“When a rapper has these different influences and his own specific cultural experience, then that’s the kind of magic thing he uses to create,” Alessandrini said. “You can tell Bobby Shmurda is one of Brooklyn’s first dig artists because of one song in particular. So that’s a [distinctly] human capability, versus AI.

Alessandrini compares this artistic experience to advances in AI in medicine – applications of robotic technologies used during surgeries that are more efficient and mitigate the risk of human error. But, she says, there are some things humans do better – caring for a patient, understanding their pain.

It’s hard to imagine AI voices ever reaching the emotional and beautifully human depths of, say, a Nina Simone or an Ann Peebles; or channeling the genuine camaraderie and bounce of a band like OutKast.

What’s next for artist personas created using AI?

In 2017, the French government commissioned mathematician and politician Cédric Villani to lay the ambitious foundations for the country’s artificial intelligence (AI) future.

Its strategy, which takes into account the economy, ethics and education, is above all straddling the dividing line between creation and consumption.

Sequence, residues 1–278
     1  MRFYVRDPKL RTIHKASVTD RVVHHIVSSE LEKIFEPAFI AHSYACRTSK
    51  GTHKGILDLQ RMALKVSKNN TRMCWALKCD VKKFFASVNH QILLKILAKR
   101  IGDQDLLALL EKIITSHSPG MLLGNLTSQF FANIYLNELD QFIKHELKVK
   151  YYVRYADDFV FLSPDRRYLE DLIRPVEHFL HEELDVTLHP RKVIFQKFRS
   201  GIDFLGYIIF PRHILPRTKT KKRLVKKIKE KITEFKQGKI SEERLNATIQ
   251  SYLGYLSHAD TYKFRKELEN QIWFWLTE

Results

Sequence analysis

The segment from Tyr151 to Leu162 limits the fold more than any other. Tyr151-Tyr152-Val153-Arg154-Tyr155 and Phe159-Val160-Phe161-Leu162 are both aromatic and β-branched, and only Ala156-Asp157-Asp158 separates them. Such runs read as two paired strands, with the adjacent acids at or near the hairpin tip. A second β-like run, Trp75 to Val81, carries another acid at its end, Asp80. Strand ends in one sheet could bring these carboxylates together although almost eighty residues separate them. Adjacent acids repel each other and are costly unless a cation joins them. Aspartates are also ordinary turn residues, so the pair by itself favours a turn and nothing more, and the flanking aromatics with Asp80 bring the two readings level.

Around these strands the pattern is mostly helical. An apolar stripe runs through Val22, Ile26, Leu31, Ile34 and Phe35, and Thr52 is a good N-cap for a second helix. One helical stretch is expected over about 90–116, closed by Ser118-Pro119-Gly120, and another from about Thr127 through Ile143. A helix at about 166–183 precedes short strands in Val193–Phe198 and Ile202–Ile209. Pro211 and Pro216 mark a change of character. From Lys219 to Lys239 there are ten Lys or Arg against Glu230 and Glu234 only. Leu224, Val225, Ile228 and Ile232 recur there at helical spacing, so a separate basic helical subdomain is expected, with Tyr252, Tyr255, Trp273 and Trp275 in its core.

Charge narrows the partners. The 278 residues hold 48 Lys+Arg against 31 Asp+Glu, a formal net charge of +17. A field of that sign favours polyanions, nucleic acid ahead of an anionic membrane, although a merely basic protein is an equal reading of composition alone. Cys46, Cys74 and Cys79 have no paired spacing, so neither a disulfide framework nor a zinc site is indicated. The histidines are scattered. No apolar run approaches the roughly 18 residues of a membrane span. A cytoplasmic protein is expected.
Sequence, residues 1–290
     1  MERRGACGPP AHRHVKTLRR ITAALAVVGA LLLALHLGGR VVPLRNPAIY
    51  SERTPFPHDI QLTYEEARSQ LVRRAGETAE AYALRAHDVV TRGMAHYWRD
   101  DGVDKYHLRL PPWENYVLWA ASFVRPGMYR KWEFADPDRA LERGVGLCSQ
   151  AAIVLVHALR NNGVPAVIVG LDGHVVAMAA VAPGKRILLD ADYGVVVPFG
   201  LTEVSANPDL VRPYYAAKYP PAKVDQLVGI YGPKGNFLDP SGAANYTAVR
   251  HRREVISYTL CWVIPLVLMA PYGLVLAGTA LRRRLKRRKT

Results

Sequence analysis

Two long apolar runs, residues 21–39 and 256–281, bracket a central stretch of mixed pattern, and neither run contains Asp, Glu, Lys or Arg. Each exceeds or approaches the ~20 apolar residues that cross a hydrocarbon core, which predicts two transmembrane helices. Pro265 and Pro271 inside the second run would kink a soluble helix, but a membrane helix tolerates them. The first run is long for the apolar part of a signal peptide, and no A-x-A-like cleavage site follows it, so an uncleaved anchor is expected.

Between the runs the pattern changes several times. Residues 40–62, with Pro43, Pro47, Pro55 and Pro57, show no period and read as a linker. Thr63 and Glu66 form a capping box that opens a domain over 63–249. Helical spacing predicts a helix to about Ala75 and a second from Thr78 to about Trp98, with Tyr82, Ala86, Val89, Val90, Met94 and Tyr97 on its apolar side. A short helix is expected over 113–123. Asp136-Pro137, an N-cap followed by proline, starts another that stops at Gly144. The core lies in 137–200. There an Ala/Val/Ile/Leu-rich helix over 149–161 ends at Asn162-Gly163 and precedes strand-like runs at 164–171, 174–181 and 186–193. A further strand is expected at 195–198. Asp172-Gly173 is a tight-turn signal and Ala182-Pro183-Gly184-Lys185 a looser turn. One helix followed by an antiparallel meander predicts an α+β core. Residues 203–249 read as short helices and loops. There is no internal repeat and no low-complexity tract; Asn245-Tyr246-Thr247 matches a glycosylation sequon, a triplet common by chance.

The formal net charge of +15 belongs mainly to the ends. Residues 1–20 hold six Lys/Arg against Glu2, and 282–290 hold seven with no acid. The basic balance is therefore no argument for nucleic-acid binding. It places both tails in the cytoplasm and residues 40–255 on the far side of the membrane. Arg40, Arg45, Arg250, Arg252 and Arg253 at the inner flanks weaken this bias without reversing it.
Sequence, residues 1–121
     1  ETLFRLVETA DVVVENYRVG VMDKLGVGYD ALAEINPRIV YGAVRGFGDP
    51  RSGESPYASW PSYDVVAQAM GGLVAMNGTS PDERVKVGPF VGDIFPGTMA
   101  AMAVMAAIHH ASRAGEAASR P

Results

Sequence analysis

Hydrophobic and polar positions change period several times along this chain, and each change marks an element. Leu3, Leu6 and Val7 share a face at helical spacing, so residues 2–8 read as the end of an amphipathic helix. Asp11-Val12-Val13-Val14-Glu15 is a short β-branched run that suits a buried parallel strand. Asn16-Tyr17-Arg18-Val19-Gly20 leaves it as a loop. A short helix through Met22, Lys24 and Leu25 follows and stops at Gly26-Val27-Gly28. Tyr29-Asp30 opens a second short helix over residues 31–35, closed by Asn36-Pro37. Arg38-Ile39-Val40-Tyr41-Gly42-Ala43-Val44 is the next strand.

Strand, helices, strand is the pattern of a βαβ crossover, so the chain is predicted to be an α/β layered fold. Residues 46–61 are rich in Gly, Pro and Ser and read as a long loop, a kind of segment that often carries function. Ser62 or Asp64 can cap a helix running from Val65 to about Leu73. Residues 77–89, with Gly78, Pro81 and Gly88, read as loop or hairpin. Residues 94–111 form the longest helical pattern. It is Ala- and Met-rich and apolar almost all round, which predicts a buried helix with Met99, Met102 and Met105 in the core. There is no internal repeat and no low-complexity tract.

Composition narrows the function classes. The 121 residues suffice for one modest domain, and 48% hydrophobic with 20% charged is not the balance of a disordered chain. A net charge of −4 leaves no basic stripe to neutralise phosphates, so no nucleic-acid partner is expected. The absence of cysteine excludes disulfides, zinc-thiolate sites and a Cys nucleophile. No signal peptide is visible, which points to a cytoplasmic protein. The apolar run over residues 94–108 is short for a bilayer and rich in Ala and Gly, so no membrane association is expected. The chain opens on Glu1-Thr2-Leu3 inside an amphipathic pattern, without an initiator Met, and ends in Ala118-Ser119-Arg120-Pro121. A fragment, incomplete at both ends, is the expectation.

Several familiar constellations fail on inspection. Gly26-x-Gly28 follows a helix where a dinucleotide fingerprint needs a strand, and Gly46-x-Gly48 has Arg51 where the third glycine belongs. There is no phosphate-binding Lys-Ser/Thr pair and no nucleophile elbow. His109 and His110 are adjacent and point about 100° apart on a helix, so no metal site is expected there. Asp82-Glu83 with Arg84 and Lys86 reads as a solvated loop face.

“The division between the uncreative machine and the creative human is becoming increasingly blurred,” he writes. Creativity, he continued, was no longer just an artist’s skill – it was a necessary tool for a world of cohabitation, machine and human together.

Is this happening?

You can’t talk about music on a large scale without also talking about money. Although FN Meka was a failure, AI has strong ties to the music sphere that won’t be severed because an AI rapper was kicked out of a label. And it seems inevitable that another major record label or music festival will launch.

Why? It could all come down to cost, say experts and music listeners who run the gamut of cynicism.

Wang said he slyly suspected that record companies and executives were looking at AI musicians as a way to save money on royalty payments and travel expenses in the future.

Beyond the money-hungry music industry, there’s also room for a lot of progress with AI, Amaral said. She hopes that FN Meka’s image and the way it was received was a wake-up call for any AI artist who will inevitably come next. She also mentioned YONA, whom she saw in concert in Japan, as a slim, white, capable pop star — not unlike many who dominate the music scene today.

“We have all the technological tools to create someone who could be green, or fat, or whatever we want, and we’re still stuck on those models,” she said.

“What will the landscape look like in five, 10 or 15 years?” Wang asks. “Pop music, despite people’s cynicism, rarely remains static. It’s constantly changing, and maybe these computer attempts to “create” artists will be part of that change.

Thanks to Dave Tepps for writing this article.